Overworked Japan caps overtime at 100 hours a month

A culture of brutally long work hours is common in East Asia, and Japan is not the only country looking to change.
A culture of brutally long work hours is common in East Asia, and Japan is not the only country looking to change.PHOTO: AFP

TOKYO - Japan has formally capped overtime work at 100 hours a month in response to concerns about karoshi, or death by overwork, and is seeking to improve productivity in a country where long hours are often more a custom than business necessity, the Wall Street Journal reported on Friday (June 29).

Lawmakers approved legislation on Friday that limits overtime work to less than 100 hours a month and fewer than 720 hours a year, the report said. 

The Bill, a priority of Prime Minister Shinzo Abe, also sets penalties for companies that violate the limits.

Until now, employers could effectively ask employees to work without limit if workers' unions and management agreed to it, which they often did without much scrutiny.

"The legislation has been enacted to allow people to have different work styles, including while raising children or caring for the elderly," Abe was quoted as telling a press briefing at his office following the Bill's enactment.

The new law also seeks to improve the lot of Japan's growing pool of "non-regular" workers in temporary or part-time jobs who don't have the job security of full-time regular employees.

It says employers must pay equally for the same work, regardless of workers' status. In a 2016 interview with The Wall Street Journal, Mr. Abe said he wanted to "eliminate the word 'non-regular' from the lexicon".

 
 
 
 

A culture of brutally long work hours is common in East Asia, and Japan is not the only country looking to change.

In South Korea, a new work-hours law takes effect on Sunday capping the work week at 52 hours. President Moon Jae-in has said workers have the "right to rest" and lawmakers have blamed long hours for everything from sluggish job creation to low birth rates.

Opposition parties in Japan said Mr Abe's legislation did not go far enough, and they criticised one part of it that actually eases work-hour rules instead of tightening them.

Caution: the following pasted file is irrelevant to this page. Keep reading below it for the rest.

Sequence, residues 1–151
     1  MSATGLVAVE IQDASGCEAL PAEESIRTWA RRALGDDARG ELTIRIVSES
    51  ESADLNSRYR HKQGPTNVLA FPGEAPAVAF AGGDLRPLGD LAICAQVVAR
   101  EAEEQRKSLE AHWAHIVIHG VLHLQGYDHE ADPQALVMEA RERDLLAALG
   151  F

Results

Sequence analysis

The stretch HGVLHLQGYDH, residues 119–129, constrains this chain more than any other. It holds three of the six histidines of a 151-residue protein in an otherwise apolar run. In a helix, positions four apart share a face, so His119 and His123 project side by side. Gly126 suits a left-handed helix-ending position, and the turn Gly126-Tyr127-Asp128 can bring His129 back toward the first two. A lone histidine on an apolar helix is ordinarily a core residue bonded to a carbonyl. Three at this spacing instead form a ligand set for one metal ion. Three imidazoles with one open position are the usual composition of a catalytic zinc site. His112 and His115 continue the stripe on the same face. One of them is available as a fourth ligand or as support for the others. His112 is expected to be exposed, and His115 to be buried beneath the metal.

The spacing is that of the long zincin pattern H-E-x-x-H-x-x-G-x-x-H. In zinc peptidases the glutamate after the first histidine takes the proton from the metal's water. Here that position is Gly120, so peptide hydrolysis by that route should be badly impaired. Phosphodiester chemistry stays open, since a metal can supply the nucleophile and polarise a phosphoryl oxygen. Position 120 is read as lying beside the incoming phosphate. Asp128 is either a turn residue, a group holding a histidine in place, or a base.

Under that part, companies have the option of putting professional workers such as financial analysts with annual salaries of more than 10 million yen (S$123,192) into a separate category under which they are exempted from work-hour regulations.

Opposition parties said that would encourage long hours and lead to an increase in karoshi.

The issue of karoshi has been in the spotlight since the suicide of a 24-year-old female worker at Japan's biggest advertising firm Dentsu on Christmas Day in 2015.

Government labour officials blamed her death on excessive work hours, propelling the movement for tighter limits that resulted in the legislation passed on Friday.

Dentsu apologised and its chief executive resigned over the issue.

Yukimi Takahashi, the mother of the Dentsu employee who died, criticised the exemption for highly paid workers in the new law.

"The government says the scheme for highly skilled workers would be adopted by consent of workers, but employees and employers are not equal," Ms Takahashi said. "Employees may have no choice but to agree if they are worried about their bosses' assessments."

Economists say Japanese companies need to improve working conditions to cope with serious labour shortages. Government data released on Friday showed Japan's jobless rate hit a 26-year low of 2.2 per cent in May, and there were 160 job offers available for every 100 job seekers.

"The law wouldn't instantly encourage non-workers to come back to the labour market," Takayuki Miyajima, an economist at Mizuho Research Institute, was quoted by Wall Street Journal as saying.

"But the Dentsu case, the law and, most importantly, growing concerns over labour shortages will help companies promote work-style reforms to keep talented employees with them."